Improved logistics urged for competition
Thailand must improve its logistics to remain competitive and attract foreign direct investment (FDI) amid a rising wave of activity in neighbouring nations, says the Bank of Tokyo-Mitsubishi UFJ.
Angkana: Planned projects will help
Angkana Meeploy, a senior vice-president for Asian business, said logistics has been one of Thailand's strengths in luring FDI despite a boom in the CLMV group of Cambodia, Laos, Myanmar and Vietnam.
Speaking at the bank's seminar on investment in the Greater Mekong Subregion (GMS) yesterday, Ms Angkana said Thailand ranks No.2 behind Vietnam in terms of logistics cost competitiveness.
As a result, the government's planned infrastructure projects worth 2 trillion baht will preserve the country's strong point as the region's logistics hub.
Thailand received a combined US$119 billion in FDI applications from 2003-12, with Japanese investors leading the field.
Myanmar, Asia's latest frontier, had FDI totalling $40 billion last year, while Cambodia's FDI from 1999-2011 amounted to $25 billion. Laos recorded FDI totalling $14 billion from 2000-12.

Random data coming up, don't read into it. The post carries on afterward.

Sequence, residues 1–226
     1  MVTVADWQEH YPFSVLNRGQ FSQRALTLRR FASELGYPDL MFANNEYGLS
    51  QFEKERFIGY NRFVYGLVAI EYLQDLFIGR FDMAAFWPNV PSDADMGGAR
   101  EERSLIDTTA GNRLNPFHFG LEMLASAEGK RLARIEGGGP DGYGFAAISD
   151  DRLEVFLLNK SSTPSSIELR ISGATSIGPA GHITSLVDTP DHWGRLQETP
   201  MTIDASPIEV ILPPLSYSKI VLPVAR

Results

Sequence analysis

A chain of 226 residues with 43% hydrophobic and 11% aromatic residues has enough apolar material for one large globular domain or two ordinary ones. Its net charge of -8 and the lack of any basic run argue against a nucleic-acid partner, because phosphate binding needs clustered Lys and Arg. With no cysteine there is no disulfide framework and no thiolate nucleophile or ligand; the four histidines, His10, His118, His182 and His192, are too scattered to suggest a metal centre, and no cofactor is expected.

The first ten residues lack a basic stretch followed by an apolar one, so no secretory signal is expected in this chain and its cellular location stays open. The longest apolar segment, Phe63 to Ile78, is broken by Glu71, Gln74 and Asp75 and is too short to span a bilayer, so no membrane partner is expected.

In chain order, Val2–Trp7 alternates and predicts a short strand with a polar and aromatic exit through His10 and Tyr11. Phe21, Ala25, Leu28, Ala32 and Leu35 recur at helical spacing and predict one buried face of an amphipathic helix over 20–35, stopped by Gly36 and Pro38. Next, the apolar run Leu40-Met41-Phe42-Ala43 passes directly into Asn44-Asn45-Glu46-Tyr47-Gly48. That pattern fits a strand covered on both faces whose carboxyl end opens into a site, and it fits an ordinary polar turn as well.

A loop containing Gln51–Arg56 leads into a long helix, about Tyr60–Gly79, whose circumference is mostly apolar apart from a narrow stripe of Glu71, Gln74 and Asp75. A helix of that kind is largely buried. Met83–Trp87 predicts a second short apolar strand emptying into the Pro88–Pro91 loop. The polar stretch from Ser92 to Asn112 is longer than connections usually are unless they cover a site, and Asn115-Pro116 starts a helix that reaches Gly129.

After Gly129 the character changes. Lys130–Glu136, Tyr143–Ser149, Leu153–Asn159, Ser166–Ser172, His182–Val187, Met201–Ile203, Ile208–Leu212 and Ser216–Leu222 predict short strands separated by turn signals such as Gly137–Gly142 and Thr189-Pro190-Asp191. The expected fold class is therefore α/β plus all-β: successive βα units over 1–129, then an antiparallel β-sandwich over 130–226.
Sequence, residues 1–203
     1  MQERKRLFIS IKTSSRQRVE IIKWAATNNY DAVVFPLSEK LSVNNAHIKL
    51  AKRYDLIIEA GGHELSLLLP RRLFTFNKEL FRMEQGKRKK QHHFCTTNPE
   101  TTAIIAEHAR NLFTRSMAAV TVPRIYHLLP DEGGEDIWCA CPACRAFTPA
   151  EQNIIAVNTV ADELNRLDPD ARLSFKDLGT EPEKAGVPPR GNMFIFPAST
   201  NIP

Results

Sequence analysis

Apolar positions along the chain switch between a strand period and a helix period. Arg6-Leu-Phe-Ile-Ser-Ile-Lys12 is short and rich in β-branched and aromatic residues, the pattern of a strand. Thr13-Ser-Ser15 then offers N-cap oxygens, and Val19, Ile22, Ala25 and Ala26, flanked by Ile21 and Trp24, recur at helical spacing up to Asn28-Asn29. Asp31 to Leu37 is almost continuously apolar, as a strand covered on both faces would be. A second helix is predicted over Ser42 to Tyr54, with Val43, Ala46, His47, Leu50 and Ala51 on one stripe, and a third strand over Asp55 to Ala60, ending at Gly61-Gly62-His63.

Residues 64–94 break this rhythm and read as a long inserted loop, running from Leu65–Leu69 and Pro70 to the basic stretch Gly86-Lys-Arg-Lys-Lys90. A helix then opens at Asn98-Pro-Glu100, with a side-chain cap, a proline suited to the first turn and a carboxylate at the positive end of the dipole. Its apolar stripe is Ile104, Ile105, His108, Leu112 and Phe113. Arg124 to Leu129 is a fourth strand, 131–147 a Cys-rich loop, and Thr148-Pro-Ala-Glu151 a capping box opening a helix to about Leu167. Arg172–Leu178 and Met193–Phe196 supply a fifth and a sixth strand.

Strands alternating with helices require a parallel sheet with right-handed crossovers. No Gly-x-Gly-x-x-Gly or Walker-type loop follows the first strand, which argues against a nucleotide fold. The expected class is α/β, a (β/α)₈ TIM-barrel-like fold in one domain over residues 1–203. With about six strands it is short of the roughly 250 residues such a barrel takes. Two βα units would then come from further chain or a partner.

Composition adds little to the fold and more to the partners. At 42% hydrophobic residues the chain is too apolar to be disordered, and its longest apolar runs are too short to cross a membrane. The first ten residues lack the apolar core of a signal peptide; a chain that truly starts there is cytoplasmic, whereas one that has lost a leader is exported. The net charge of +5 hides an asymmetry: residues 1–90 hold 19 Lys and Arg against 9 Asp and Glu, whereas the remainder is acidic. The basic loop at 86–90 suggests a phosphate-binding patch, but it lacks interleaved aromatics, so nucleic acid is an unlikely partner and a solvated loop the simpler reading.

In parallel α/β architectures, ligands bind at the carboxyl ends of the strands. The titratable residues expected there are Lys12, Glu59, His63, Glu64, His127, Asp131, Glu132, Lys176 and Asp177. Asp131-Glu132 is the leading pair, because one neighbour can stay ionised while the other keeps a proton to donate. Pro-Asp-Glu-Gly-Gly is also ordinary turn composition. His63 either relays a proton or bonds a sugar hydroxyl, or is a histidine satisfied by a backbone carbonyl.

Japanese investors have expanded their investment base to the CLMV and GMS countries to diversify geographical risk, especially after Thailand's massive floods in late 2011.
But Thailand remains a key Japanese factory base due to its economic growth, infrastructure investment plan and skilled labour, said Ms Angkana.
"Thailand needs to keep such strengths and sharpen competitiveness," she said.
"We should transform from a labour-based to a skilled-production country."
Among the CLMV countries and Thailand, the latter ranks fourth in electricity cost competitiveness and last in labour cost competitiveness.
Therefore, the country's lower-skilled labour industries, particularly garments and agriculture, could expand to CLMV countries to improve cost management.
Most economic zones in Cambodia and Laos sit along the Thai border, so logistics will play a big role in surging regional trade.